The third pillar of metal homeostasis in Cupriavidus metallidurans CH34: preferences are controlled by extracytoplasmic function sigma factors†
The role of extracytoplasmic function (ECF) sigma factors in multiple metal homeostasis of the metallophilic bacterium Cupriavidus metallidurans was studied. RNA sequencing was used to predict 3084 operons in the genome of this bacterium, including 11 for ECF sigma factors, and to measure transcript abundances. Mutants carrying multiple deletions in genes for ECF sigma factors were constructed and characterized. Mutants and parent were challenged with a metal mix, changes in the global gene expression profile and the overall metal content determined. All 11 ECF sigma factors were involved in metal homeostasis. The three ECF sigma factors RpoI, RpoJ and RpoK synchronized iron homeostasis with that of other divalent metal cations, RpoO, RpoL and RpoM magnesium and phosphorous homeostasis with that of zinc and with cadmium resistance. Factors RpoE, CnrH and RpoP controlled the response to nickel and cobalt, RpoQ and RpoR may be assigned to the thiol and sulfide metabolism. All 11 ECF sigma factors overlap in their function and control gene expression involved in metal homeostasis, however, except CnrH, no other ECF sigma factor was needed for up-regulation of 63 predicted operons responding to metal shock, 48 of these encoding metal efflux pumps. Moreover, disturbance of the cellular metal content resulting from missing sigma factors also affected silencing and un-silencing of genomic islands. Together, these data demonstrate on a global and systemic level how a robust network of ECF sigma factors and other regulators allow C. metallidurans to handle a mixture of toxic transition metal cations, which are conditions the bacterium faces in its natural environment. Iron homeostasis is to be maintained at any cost, followed by the necessity for magnesium, phosphorous and zinc homeostasis on the second level, and cobalt plus nickel coming last.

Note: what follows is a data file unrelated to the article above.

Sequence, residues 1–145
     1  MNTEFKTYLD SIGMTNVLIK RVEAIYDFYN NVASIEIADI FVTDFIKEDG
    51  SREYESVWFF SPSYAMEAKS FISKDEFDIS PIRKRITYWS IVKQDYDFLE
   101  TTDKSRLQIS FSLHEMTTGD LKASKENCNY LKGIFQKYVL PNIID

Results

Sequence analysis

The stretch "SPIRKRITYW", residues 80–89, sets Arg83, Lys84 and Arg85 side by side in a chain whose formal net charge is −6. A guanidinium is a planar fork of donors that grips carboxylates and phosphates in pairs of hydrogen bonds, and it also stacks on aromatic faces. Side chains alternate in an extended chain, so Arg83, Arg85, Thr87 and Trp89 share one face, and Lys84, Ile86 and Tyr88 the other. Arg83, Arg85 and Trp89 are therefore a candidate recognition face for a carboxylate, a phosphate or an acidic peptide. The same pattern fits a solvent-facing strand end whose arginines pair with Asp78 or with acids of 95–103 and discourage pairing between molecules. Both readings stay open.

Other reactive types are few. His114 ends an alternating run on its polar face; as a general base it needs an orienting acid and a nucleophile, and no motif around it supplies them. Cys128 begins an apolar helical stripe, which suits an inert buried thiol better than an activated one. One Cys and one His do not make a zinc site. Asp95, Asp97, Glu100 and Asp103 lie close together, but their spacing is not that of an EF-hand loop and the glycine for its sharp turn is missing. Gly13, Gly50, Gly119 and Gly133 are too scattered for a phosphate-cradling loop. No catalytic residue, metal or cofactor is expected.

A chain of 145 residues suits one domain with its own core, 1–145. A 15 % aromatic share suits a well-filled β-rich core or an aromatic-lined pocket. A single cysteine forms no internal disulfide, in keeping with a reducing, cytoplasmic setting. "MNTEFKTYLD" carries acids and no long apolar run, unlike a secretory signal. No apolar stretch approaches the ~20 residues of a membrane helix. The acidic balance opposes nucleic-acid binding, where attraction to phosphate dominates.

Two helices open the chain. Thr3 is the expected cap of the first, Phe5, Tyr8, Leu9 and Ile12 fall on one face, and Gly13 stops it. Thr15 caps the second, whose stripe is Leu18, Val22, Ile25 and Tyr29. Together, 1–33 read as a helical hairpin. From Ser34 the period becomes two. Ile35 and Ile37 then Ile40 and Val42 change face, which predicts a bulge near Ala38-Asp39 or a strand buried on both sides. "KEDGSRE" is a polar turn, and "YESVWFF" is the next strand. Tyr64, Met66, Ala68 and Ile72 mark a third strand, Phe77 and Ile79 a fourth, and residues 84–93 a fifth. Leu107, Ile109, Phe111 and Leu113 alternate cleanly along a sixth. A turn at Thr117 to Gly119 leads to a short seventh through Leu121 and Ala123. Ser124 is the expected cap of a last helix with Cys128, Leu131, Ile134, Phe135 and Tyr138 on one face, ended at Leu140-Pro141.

- This article is part of the themed collection: Metallomics Recent HOT articles